When I hit my goal of being able to deadlift 225 pounds and squat 185 pounds, I knew all my hard work had paid off. After years of yo-yoing and putting in work with no real payoff, I finally built—and kept—the strong body I wanted.
And interestingly, I also realized my priorities had shifted. Going into this commitment push (as well as every past pledge to stick with the gym), my goal was directed toward chasing aesthetics—wanting to look good in a bikini, carve a small waist, mold rounded glutes.
Don’t get me wrong—I definitely still desired these superficial goals. But when I shifted my focus onto strength, I actually felt the most happy and confident. Through lifting heavier and committing more, breaking those habits of partying and sabotage, I had unlocked potential in me I didn’t know existed at 29.
I had always categorized myself as this weak, skinny girl, and put partial blame on genetics, as if there was nothing I could really do about it. After spending time on the right exercise program, and realizing that food would fuel my progress, I learned that I could change, and I could get stronger. With that, aesthetics became the cherry on top.
I am now a healthy 120 pounds—up from 105 during bikini competition training—and have managed to significantly reduce my body fat, increase muscle size, and skyrocket my strength. I can now deadlift over 225 pounds, squat 190 pounds, bench press my body weight, and do eight unassisted pullups.
My depression is completely gone, and although I still struggle with anxiety at times, it’s significantly better than it once was. I feel like I have a better handle on general stress.
I don’t track macros or calories regularly now, but I have on and off over the years, so I can now intuitively recognize what balance looks like. I make a conscious effort to get enough protein, and eat more nutrient-dense, whole foods 80 percent of the time. For the other 20 percent, I indulge in foods like burgers and ice cream. To this day, I will have a drink or two on occasion, but am now much more self-controlled.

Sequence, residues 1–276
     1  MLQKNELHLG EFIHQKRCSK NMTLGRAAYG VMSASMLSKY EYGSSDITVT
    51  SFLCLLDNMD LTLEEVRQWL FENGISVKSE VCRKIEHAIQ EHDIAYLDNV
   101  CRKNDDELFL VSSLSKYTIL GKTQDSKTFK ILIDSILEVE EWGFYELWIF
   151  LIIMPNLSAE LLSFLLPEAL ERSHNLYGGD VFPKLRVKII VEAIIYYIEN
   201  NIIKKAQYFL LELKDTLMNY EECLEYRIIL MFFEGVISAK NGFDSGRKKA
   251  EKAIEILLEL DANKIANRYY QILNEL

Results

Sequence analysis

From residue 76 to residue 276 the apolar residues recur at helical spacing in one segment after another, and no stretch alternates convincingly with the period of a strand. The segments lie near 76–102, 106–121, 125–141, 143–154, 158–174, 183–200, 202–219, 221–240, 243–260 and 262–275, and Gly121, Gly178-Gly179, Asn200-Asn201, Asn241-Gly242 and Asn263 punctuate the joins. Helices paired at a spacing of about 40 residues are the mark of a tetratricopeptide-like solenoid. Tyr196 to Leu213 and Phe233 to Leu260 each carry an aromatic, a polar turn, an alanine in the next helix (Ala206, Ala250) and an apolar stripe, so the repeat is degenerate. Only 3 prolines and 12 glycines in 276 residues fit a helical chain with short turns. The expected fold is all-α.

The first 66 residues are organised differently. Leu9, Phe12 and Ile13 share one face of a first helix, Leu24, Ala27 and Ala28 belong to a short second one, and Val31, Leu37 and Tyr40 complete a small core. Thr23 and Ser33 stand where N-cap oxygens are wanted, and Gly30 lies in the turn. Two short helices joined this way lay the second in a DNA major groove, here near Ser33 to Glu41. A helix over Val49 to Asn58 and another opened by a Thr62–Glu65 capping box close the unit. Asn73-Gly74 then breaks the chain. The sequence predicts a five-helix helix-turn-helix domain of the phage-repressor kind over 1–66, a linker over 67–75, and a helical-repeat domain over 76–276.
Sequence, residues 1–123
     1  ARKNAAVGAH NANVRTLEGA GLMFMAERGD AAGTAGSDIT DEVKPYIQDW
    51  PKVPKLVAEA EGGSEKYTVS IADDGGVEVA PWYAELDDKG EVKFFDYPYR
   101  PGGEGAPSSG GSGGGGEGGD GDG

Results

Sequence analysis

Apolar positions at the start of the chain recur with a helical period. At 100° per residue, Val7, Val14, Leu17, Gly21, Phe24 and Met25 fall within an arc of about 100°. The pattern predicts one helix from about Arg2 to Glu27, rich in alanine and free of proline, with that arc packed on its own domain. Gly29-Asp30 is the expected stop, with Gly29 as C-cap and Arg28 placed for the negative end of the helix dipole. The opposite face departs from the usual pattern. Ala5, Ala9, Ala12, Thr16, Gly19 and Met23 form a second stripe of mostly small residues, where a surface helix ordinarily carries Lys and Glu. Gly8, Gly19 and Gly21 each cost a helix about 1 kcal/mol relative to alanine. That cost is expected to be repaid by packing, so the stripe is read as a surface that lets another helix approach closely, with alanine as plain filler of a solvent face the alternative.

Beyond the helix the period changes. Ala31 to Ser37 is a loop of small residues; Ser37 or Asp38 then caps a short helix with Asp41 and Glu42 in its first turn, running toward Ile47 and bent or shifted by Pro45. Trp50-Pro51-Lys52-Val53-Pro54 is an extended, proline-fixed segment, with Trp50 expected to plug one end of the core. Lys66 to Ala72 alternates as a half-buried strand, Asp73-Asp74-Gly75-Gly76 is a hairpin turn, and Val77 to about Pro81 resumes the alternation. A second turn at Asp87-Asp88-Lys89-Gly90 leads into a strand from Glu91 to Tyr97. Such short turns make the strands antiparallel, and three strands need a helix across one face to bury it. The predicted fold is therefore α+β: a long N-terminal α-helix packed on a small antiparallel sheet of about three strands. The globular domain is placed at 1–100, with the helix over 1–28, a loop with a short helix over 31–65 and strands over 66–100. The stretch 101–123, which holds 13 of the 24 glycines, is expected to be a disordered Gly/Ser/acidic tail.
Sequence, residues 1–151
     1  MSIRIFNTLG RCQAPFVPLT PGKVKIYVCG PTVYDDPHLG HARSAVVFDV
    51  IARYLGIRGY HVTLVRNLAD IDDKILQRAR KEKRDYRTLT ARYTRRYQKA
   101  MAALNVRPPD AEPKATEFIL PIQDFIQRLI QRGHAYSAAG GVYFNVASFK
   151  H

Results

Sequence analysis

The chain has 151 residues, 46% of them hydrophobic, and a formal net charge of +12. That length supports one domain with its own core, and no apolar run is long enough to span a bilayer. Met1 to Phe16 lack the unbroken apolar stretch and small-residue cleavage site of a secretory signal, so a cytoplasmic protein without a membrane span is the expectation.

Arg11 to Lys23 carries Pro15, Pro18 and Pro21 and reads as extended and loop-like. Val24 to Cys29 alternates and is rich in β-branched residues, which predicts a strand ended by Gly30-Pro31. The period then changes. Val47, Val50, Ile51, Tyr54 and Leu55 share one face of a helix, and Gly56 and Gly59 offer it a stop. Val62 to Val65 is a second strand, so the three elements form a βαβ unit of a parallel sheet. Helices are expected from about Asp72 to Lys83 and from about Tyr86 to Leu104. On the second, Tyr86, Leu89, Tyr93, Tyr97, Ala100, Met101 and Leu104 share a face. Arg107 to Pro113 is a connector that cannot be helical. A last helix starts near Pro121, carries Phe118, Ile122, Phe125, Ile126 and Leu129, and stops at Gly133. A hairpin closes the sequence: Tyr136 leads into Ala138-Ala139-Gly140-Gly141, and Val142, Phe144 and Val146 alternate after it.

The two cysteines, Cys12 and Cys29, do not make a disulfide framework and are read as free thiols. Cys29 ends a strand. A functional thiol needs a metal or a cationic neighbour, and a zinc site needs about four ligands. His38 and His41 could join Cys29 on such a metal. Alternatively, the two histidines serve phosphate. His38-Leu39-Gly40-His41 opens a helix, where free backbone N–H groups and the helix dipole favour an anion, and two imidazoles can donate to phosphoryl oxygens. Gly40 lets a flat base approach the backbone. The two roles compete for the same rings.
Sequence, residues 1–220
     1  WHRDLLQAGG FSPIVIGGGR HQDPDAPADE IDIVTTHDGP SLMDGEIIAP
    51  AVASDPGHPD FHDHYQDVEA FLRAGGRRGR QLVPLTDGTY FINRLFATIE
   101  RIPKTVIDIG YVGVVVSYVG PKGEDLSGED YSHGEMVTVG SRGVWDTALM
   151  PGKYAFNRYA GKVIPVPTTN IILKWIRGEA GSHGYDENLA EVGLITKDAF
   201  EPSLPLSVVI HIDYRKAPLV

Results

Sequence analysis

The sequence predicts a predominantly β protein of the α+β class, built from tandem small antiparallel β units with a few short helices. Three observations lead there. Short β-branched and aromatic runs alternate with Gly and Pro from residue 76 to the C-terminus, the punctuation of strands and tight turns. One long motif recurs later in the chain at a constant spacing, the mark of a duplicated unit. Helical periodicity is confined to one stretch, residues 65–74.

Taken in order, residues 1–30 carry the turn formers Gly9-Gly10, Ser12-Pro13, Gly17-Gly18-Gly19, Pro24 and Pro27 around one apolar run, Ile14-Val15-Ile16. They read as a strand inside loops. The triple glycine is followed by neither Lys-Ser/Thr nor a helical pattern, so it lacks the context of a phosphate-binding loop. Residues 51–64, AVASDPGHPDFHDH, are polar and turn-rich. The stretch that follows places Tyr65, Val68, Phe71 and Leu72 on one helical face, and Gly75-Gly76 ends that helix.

Before lifting, I foam roll, do dynamic stretches, then activate the muscles I'll be working for the day. On lower-body days, I use small resistance bands to activate my legs and glutes, and on upper body days, I work on mobility prior to my main lifts.
I start with compound lifts, then move on to accessory exercises—I like to incorporate a couple single-limb exercises like lunges and cable kickbacks, or one-arm movements. Most of my workouts usually consist of just five to six exercises.
I rarely do cardio, but I'll do it more often in the summer when I can be outdoors.
My week is typically structured as follows:
Day 1:Lower body
Compound lift: Sumo deadlift
Unilateral exercise: Deficit lunges
Other: Leg press, cable kickbacks, some machines
Day 3:Upper body (chest/back)
Compound: Bench press
Unilateral exercise: One-arm row
Other: Pullups, dumbbell and cable exercises
Day 4:Lower body
Compound lift: Barbell squats and barbell hip thrust
Unilateral: Bulgarian split squat
Other: Romanian deadlifts, some machines
Day 6:Upper body (shoulders/arms)
Compound: Standing barbell military press
Other: Seated dumbbell shoulder presses, cable exercises for arms
Train hard and heavy, eat sensibly, and be patient! Results will come with consistency over time—that’s what I learned, at least.
Video: FIT TO FAT AND BACK - DOCUMENTARY - 2009 - PAUL PJ JAMES